The three little girls exit the house and march across the street.
"Here they come," says Tami Dixon. On a chilly May evening, she's standing in a garden in North Braddock with TaeAjah Cannon as they rehearse for Saints Tour. The three girls, who've watched Dixon and Cannon rehearse here before, approach familiarly. They sit on lawn chairs as Cannon, 16, runs lines from the immersive, site-specfic play; when Dixon, pretending to be an audience member, responds to Cannon in a funny voice, they giggle.
The scene reflects the community interaction you get when staging theater outdoors. But it's also the kind of interaction that Saints Tour is both largely about and meant to nurture.
Saints Tour is playwright Molly Rice's work about finding the extraordinary in the everyday: saints in the front yard. The episodic, non-narrative show is produced by Bricolage Productions with Rice and partner Rusty Thelins' Real/Time Interventions. It is structured as a 90-minute bus-and-walking tour in and near Braddock — where, audiences are told by the Tour Guide, "Saints emerge in disproportionate numbers at this very latitude and longitude." The Guide, herself a semi-mystical character, tells the stories of invented, nonsectarian figures like "migratory saint" St. James of the Open Hand; performers stationed along the way encourage audiences to participate in small rituals that emphasize the specialness of the place. Driven by Rice's lyrical writing style, Saints Tour suggests a magical-realist Our Town. With audiences limited to 40 per performance, the show even concludes with a family-style community meal.
Rice, a nationally produced playwright, has staged other Saints Tours. The first was in Louisville, Ky., in 2009, followed by sold-out versions in New York City's West Village and Lower Manhattan. Each was tailored to its community, with a different cast and nods to local history and culture. But the Braddock iteration is the deepest plunge yet.
Rice and Thelin, her husband, moved here from New York in 2013, to care for a sick friend, then stayed. They met with Bricolage about doing a Saints Tour here, and Bricolage's Jeffrey Carpenter suggested Braddock, with its hard times and signs of regrowth. Over some 18 months, the production partners (whose backers include the Sprout Fund) have logged hundreds of hours connecting with people and organizations in the struggling mill community, including neighboring North Braddock and Braddock Hills.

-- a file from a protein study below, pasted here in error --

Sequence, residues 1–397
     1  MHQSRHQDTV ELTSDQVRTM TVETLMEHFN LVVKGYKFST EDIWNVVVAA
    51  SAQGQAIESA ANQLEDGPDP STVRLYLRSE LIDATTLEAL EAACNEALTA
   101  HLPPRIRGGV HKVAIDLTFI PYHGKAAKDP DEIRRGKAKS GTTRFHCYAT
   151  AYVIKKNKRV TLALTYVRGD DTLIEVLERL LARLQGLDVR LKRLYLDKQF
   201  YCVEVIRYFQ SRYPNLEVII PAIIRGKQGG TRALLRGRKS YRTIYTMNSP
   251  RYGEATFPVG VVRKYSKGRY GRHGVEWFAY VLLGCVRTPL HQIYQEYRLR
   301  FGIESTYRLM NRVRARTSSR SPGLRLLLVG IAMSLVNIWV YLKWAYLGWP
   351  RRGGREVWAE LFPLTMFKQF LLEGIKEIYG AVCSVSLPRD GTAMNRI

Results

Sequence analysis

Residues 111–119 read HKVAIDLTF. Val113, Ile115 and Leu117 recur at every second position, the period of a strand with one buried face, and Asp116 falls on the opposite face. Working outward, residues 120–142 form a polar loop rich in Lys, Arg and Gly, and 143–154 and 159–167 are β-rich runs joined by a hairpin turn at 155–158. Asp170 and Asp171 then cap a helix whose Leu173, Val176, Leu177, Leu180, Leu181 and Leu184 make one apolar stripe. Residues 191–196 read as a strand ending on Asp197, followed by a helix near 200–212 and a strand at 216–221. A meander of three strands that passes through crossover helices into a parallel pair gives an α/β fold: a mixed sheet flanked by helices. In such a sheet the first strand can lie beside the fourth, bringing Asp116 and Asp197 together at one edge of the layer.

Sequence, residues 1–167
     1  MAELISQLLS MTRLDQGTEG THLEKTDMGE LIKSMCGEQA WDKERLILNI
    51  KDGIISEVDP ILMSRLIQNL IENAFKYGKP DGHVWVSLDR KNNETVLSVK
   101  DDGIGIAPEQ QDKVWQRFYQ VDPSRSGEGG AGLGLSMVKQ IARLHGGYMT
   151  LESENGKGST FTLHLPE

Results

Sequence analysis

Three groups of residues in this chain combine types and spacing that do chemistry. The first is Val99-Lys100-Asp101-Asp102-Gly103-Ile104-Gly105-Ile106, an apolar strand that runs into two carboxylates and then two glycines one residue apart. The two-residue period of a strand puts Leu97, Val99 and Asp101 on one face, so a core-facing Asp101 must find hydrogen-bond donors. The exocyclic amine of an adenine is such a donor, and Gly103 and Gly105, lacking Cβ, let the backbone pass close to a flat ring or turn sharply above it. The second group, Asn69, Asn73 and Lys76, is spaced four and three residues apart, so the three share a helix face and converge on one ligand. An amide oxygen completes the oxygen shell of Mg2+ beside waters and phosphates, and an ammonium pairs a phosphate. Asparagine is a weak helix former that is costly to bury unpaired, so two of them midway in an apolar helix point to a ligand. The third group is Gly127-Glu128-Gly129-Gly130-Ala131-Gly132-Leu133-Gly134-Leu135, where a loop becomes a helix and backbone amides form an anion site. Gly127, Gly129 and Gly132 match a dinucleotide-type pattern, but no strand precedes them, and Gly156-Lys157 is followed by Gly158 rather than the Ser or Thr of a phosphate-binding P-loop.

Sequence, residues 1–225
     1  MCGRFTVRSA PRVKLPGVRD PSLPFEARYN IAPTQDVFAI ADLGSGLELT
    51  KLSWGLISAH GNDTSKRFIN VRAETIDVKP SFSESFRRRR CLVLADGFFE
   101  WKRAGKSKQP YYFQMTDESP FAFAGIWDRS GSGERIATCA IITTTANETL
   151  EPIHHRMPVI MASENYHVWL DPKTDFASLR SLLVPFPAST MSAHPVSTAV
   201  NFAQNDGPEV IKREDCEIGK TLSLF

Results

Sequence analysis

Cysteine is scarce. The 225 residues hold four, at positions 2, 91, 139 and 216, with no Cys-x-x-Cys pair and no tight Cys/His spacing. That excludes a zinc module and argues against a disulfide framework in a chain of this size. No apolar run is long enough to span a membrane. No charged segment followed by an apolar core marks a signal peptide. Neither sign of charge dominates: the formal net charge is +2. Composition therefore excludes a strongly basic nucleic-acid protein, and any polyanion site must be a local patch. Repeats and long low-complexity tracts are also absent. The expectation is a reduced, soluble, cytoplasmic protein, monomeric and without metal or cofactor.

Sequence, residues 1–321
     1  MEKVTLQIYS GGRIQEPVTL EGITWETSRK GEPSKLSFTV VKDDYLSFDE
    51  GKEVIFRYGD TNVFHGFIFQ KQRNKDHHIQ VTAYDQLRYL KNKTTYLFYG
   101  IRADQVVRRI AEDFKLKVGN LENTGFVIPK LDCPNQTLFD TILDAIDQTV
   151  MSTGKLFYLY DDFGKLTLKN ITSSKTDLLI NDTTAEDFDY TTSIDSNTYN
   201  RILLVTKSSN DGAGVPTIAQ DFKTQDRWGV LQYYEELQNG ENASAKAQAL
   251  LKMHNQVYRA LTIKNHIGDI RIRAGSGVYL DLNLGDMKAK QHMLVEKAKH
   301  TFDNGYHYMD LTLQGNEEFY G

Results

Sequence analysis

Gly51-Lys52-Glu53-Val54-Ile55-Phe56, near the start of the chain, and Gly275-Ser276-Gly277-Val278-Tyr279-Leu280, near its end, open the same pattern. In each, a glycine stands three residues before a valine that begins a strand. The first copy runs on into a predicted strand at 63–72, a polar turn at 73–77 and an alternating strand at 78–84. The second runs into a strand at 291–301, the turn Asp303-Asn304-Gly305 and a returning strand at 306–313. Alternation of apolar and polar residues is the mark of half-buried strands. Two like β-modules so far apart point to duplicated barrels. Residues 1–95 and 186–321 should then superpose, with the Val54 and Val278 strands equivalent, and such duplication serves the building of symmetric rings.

For the first time, Rice has almost completely rewritten her original Saints script. This Saints Tour both incorporates more local culture than earlier tours — a story about Braddock's famed Hungarian Gypsies, for instance — and involves more local residents.
The production has even sown some long-term relationships. For instance, last year, Rice, Thelin and Bricolage's Dixon and Carpenter befriended Braddock resident Sanford-Mark Barnes, a crossing-guard, and three of his sons. Now Barnes, a former professional musician, and sons Nathan, 16, and Seth, 10, have notable non-speaking roles in the show. (Isaiah, 14, appears via audio recording.) While the Tour Guide is played by professional actress Bria Walker, other community members also perform or have behind-the-scenes roles.
"I'm very blessed, very happy to be in this project," says Barnes. The level of community involvement "makes it more of a hometown play. It makes it more of a community, a village play that people can be proud of."
The production incorporates original artwork by several local artists, including sculptors James Simon and Vanessa German, and the painters at Braddock's own New Guild Studios.
Saints Tour continues Pittsburgh's new wave of immersive, often site-specific and sometimes audience-interactive theater that began with Bricolage's own 2012 production, STRATA, which occupied a whole Downtown building. But none of those shows involved such engagement with a community. Braddock, once a bustling town, was devastated by Big Steel's collapse; lately, it's known for Mayor John Fetterman's efforts to seed revitalization through initiatives like drawing artists to the community, and starting an urban farm.
Bricolage and Real/Time worked with, among others, Braddock Farms, the Braddock Carnegie Library, Unsmoke Systems gallery, work-readiness program the Braddock Youth Project and Gardweeno, which combines gardening and computer instruction. Saints Tour producers reserved 40 percent of the run's 800-some tickets for residents of the 15104 zip code, and mailed 4,000 copies of a letter inviting neighbors. Partly to subsidize the free tickets, full-price tickets are $60. Some dates are already sold out.
A gardening theme runs through the script, and the play's tagline is "There's something in the dirt." Rice hopes that audiences, especially visitors to Braddock, will develop new connections that will aid in the town's rebirth.
TaeAjah Cannon thinks that just might happen. The sophomore at Homestead's Propel Andrew Street High School is a life-long Braddock resident. Saints Tour is her first big acting role. "I think that people feel Braddock is a run-down place — but in reality, there's a lot that happens here," says Cannon. "I think it will give a new perspective on Braddock."